Seemed like a classic example of the depressed intellectual convincing themselves their state of mind was entirely rational (this I do know something about).

  16. says

    Some great content.

    I’d love it if you’d dedicate a bit of time on the various shows to talking about the FAQs. There’s always new listeners / viewers, and going over these basics (briefly) can be informative and lead to some good discussions.

    Stuff like why we don’t believe in deities, reasons people do believe, how religious organizations work (and have set up systems to defend themselves from scrutiny). The list goes on.

    Whatever you do, thanks for all your time and effort.

  17. stubby says

    I’m glad Non Prophets is still going strong. I didn’t start listening to it until a few months ago and I decided to start at the beginning. I just listened to the episode from June 3 2006. By my calculations I will catch up to the new shows on February 29, 2020.

  18. CompulsoryAccount7746, Sky Captain says

    @megazeusthor #8:

    Stuff like why we don’t believe in deities

    See: nearly every Matt episode. 😛

    reasons people do believe

    For psych, bias, and apologetics stuff, there’s the Reasonable Doubts podcast. If you mean callers willing to answer “What do you believe and why?” those do seem sparse lately.

    how religious organizations work

    This info tends to come out of various podcast interviews from former members, like “Reasonable Doubts 091: A View from the Watchtower” featuring a Jehovah’s Witness, and “Godless Bitces 1.4” on Quiverfull. Interviews tend to select for the cultier sects though, with interesting stories and intelligible theology. Liberal branches tend to be lacking in both.

  19. sosw says

    He was arguing quite forcefully that there’s no logical reason to have children, even many arguments that its morally wrong, and even no reason to live at all and he wishes his parents had aborted him or something. The panel didn’t really know what to do with him.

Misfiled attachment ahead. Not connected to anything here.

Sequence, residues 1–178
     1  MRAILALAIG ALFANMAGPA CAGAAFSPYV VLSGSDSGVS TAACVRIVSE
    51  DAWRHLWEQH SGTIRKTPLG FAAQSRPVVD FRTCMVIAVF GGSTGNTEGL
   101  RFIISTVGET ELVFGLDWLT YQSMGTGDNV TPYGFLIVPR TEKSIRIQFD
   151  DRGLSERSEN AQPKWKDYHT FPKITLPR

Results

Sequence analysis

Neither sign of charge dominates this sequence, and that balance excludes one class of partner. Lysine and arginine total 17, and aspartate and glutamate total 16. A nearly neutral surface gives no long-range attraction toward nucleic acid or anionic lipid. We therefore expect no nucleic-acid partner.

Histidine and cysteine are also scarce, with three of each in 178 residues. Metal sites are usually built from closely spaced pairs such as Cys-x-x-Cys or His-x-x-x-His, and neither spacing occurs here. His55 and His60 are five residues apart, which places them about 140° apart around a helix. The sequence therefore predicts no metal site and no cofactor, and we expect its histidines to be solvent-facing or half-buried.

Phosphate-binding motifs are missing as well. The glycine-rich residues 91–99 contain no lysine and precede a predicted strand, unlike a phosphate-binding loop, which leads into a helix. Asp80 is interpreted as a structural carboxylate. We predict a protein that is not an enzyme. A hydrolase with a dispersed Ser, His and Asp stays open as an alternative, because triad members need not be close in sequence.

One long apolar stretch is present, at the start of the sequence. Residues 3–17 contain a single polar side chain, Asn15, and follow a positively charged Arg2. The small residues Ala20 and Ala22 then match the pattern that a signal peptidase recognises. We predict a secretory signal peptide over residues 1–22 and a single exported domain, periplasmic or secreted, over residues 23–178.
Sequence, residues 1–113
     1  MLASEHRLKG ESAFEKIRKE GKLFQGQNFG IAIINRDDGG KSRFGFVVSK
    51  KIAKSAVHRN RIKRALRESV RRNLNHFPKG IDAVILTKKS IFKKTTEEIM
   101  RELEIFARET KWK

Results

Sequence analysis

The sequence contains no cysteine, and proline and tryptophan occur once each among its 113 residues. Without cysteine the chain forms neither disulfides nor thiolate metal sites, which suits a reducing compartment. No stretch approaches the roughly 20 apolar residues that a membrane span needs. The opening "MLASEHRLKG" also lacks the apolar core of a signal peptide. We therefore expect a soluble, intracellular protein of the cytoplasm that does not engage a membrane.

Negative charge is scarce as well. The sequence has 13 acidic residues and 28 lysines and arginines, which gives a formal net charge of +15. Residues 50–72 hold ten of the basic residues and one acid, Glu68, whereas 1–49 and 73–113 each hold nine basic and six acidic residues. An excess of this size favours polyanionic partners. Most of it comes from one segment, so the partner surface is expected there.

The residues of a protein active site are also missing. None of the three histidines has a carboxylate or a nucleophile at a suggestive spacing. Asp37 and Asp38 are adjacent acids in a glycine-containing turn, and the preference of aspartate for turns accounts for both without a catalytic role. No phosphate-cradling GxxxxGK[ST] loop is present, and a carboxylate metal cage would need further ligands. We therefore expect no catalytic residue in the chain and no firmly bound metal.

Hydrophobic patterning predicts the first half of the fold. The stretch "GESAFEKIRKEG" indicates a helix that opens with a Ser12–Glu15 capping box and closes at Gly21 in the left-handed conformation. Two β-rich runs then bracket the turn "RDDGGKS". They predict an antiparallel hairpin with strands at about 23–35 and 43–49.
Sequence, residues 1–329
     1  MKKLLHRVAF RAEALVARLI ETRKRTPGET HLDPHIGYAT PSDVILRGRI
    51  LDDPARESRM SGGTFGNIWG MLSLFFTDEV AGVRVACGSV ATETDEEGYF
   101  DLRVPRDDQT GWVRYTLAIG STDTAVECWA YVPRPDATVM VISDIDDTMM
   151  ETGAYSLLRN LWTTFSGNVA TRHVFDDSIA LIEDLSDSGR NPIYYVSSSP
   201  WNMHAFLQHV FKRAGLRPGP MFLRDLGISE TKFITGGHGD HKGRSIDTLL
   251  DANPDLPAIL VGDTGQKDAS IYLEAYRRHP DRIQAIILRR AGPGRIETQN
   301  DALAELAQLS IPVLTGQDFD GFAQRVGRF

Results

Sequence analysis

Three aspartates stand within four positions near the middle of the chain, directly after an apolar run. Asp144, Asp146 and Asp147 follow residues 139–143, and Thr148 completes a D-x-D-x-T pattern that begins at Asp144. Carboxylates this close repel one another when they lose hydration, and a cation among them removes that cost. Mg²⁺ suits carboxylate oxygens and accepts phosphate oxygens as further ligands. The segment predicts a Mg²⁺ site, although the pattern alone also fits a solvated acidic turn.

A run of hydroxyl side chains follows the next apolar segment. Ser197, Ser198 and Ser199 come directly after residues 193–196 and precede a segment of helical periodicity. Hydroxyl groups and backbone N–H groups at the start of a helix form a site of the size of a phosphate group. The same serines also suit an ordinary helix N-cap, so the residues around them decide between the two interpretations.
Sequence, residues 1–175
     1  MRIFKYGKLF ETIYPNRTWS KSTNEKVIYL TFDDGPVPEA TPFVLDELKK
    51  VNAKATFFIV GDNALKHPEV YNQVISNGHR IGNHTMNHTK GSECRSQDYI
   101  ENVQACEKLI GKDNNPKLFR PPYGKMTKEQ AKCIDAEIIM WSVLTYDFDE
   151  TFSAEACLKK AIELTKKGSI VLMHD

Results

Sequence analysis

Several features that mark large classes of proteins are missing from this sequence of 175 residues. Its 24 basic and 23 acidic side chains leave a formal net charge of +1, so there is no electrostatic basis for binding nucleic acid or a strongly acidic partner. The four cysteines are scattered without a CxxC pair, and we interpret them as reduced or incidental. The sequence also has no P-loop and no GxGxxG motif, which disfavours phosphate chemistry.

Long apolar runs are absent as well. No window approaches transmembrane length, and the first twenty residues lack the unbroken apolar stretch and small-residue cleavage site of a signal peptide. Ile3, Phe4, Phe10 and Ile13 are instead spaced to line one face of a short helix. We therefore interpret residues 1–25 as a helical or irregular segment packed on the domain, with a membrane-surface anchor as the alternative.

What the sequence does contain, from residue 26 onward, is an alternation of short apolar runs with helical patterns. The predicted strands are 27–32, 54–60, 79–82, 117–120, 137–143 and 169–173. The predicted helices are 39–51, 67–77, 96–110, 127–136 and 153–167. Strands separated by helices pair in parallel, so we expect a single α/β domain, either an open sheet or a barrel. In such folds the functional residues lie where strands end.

Of course it’s entirely true that there are no logical reasons for having children or living. There are also no logical reasons not to.

    Arguments that having children is morally wrong can be made, but they require considerable further assumptions.

    However, such arguments are usually disingenuous because they are post hoc justifications for previously held feelings on the matter. I don’t believe that the person in question came upon those feelings because of rationality, although sometimes de-conversion can be part of the reason why one would have less positive outlooks on life than previously (usually due to social costs).

    Rationality is orthogonal to desires and choices to do/not do various things.

  20. sosw says

    If you mean callers willing to answer “What do you believe and why?” those do seem sparse lately.

    When they don’t expect counter-arguments, people do seem to be more willing to state their (claimed) reasons. Non-prophets episode 7.19 (and obviously Guy P. Harrison’s book itself) has some good examples.

  21. CompulsoryAccount7746, Sky Captain says


    Rationality is orthogonal to desires and choices to do/not do various things.

    Eh, deepity.
    Mammal brains approximate rational procedures by kludging together biologically provided drives and heuristics, like associating disgust with abstract pitfalls, through enculturation and training. The quality of the approximation varies as parts get overwhelmed or exploited: e.g., exhaustion, duress, or priming.
    If you’re thinking of rationality and choices in terms of homo economicus: yeah, humans don’t work that way.

  22. sharkjack says

    The episode counter on godless bitches goes from 2.10 to 2.12, skipping the ‘lost episode’. In 2.12 it gets joked about quite a bit and I thought you were making a reference to that, but that wasn’t the case.

    Yay for reboot of non-prophets btw, I’m going to check that out right now.